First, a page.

Thursday, September 3, 2015

Eck picks up conservative, tea-party backing

WASHINGTON -- Alieta Eck, a physician running against Steve Lonegan in New Jersey's Republican Senate primary, picked up two conservative endorsements this week.

Eck picks up conservative, tea-party backing


WASHINGTON -- Alieta Eck, a physician running against Steve Lonegan in New Jersey's Republican Senate primary, picked up two conservative endorsements this week.

Eck, from Somerset County, was backed by the Independence Hall Tea Party Wednesday, despite Lonegan’s recent ties to Americans for Prosperity, the Koch brothers-backed conservative group. On Thursday she is set to be endorsed by the Conservative Party USA, a relatively small group.

“Our PAC Board is very familiar with both Steve Lonegan and Alieta Eck," said the Tea Party group’s PAC president, Don Adams. His comments were in a release issued by the Eck campaign. "While we respect Mr. Lonegan, we greatly appreciate the intelligence and temperament of Dr. Eck.”

PAC Vice President Bill Green, a Burlington County resident, said Eck “is a proven leader and problem-solver who doesn't sit around waiting for government to fix things.” (Despite the fact that Eck has never run for, let alone held, political office.)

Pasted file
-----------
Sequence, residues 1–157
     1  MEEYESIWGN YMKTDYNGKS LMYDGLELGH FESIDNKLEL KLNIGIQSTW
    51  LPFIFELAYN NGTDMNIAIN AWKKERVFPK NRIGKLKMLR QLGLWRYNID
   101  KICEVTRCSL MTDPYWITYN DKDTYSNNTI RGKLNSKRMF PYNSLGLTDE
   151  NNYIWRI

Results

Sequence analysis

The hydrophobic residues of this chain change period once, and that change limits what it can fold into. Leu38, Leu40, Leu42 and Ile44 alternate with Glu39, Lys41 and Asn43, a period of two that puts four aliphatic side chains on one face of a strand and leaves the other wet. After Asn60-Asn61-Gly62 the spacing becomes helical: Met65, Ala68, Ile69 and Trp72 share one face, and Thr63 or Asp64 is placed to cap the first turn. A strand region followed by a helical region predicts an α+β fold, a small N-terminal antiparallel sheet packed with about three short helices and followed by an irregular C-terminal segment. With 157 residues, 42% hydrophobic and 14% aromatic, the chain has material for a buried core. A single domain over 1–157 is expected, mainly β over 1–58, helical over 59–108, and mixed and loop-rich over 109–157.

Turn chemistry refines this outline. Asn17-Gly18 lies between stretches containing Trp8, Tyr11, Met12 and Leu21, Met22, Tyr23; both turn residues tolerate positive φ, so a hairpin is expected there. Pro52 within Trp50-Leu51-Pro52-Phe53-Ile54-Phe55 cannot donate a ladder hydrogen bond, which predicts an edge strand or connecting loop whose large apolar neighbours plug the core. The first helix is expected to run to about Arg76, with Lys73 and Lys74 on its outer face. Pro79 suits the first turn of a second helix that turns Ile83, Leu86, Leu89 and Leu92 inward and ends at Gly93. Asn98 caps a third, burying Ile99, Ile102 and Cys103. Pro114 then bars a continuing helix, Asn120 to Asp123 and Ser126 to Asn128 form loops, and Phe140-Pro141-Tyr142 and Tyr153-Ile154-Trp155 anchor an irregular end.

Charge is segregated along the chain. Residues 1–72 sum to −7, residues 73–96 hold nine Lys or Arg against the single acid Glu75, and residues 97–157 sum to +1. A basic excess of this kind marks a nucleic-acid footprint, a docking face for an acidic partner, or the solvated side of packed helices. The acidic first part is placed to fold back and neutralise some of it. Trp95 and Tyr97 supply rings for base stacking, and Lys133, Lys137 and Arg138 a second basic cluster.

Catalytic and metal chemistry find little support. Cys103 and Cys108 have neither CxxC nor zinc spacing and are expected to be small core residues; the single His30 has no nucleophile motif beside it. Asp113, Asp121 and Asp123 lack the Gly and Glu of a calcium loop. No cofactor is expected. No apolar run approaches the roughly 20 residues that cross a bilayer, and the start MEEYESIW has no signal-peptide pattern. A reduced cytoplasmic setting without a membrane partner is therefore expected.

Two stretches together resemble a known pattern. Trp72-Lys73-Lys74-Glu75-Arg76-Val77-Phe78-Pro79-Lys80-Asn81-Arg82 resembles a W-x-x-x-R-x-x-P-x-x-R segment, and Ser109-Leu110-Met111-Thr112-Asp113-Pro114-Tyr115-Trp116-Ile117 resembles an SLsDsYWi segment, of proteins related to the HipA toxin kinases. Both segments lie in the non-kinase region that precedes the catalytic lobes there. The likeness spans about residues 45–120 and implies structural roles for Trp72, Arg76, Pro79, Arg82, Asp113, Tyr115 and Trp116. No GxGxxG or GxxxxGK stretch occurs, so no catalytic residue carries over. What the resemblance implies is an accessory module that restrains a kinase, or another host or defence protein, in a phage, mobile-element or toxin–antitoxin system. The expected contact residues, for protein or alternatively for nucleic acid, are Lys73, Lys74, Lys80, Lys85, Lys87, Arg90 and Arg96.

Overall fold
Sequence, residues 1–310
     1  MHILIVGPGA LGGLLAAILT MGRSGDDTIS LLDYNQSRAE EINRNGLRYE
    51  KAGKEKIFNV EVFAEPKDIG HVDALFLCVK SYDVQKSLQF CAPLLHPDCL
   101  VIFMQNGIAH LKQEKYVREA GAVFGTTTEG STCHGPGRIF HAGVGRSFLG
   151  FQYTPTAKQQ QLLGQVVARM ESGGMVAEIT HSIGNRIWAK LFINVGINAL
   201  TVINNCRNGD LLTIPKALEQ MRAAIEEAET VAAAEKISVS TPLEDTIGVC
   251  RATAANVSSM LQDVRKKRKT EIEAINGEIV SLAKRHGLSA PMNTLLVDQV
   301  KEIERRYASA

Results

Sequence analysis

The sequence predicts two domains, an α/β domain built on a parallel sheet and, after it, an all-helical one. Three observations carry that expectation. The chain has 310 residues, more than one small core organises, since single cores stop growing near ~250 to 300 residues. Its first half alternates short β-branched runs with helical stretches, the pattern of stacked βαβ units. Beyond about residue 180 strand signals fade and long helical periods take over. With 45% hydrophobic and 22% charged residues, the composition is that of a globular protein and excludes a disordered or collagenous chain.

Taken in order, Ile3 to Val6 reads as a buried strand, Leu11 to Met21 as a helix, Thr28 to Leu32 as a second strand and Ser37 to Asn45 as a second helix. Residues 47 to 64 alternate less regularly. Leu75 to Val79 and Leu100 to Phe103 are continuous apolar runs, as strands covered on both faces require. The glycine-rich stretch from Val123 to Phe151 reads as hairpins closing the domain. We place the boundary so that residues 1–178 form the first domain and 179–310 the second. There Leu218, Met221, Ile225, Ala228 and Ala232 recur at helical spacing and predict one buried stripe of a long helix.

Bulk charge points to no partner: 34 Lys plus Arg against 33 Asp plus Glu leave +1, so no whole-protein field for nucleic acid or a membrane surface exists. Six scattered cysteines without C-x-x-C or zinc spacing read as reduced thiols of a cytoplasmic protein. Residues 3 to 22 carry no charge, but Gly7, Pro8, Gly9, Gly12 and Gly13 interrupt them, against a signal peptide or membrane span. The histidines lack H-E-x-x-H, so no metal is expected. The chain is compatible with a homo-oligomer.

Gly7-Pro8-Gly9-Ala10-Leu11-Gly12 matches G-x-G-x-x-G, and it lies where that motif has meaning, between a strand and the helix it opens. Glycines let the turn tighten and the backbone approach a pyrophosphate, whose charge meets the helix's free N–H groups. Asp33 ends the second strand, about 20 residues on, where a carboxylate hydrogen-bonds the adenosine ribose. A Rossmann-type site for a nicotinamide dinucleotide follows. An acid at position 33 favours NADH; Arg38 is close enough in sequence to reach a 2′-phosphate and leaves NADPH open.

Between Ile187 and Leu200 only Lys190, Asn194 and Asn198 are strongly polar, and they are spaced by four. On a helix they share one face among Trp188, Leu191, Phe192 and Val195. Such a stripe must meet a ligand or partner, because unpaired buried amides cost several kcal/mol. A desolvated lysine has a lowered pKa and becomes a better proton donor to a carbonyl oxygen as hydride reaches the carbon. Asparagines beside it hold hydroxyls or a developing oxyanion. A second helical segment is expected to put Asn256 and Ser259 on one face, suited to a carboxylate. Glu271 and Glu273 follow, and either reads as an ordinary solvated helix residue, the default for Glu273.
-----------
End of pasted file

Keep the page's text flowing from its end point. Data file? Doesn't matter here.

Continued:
She has based her candidacy around repealing President Obama’s health care law and frequently points to her free health clinic as a better alternative for people who need care. She also has a less fiery public persona, which may help her appeal to New Jersey's largely-liberal voters.

The Independence Hall Tea Party operates around the Philadelphia area in Pennsylvania, New Jersey and Delaware.

"The Independence Hall Tea Party is a leading advocate for limited government, and I share their values,” Eck said. “With our national debt spiraling out of control and the federal government making massive intrusions into personal privacy, vigilance to this mission is more important now than ever. I am honored to receive their endorsement.”

Lonegan is far better known than Eck and heavily-favored in polls. But the Tea Party group argued that Eck may be the better general election candidate. 

“We believe she would be the stronger candidate against the Democrat in the October general election,” the organization said in the Eck release. “It has not been lost upon us that if she were to win the Senate race, she would become the first female US Senator in Garden State history.”

Eck and Lonegan, meanwhile, each launched radio ads touting themselves as the best conservative option in the Aug. 13 primary.

Today Lonegan is going to New York to blast Democratic front-runner Cory Booker over a New York Times story detailing Booker’s business ties to some Silicon Valley moguls, and the wealth he has gained with their help in creating an online video company called Waywire.


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About this blog

Jonathan Tamari is the Inquirer’s Washington correspondent. He writes about the lawmakers, politics and policy that affect Philadelphia, Pennsylvania and New Jersey.

Tamari previously covered the Philadelphia Eagles and the NFL. Before that he worked in Trenton, reporting on the characters and color of New Jersey state government. He lives in Washington.

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